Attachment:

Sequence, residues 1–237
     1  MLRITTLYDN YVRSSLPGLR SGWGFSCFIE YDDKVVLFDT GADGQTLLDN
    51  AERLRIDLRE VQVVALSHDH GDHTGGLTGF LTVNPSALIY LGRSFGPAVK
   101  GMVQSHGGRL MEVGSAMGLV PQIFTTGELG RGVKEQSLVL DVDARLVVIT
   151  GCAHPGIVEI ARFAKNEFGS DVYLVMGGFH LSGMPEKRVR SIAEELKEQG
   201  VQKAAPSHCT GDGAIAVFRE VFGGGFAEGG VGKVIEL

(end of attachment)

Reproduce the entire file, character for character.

Sequence, residues 1–237
     1  MLRITTLYDN YVRSSLPGLR SGWGFSCFIE YDDKVVLFDT GADGQTLLDN
    51  AERLRIDLRE VQVVALSHDH GDHTGGLTGF LTVNPSALIY LGRSFGPAVK
   101  GMVQSHGGRL MEVGSAMGLV PQIFTTGELG RGVKEQSLVL DVDARLVVIT
   151  GCAHPGIVEI ARFAKNEFGS DVYLVMGGFH LSGMPEKRVR SIAEELKEQG
   201  VQKAAPSHCT GDGAIAVFRE VFGGGFAEGG VGKVIEL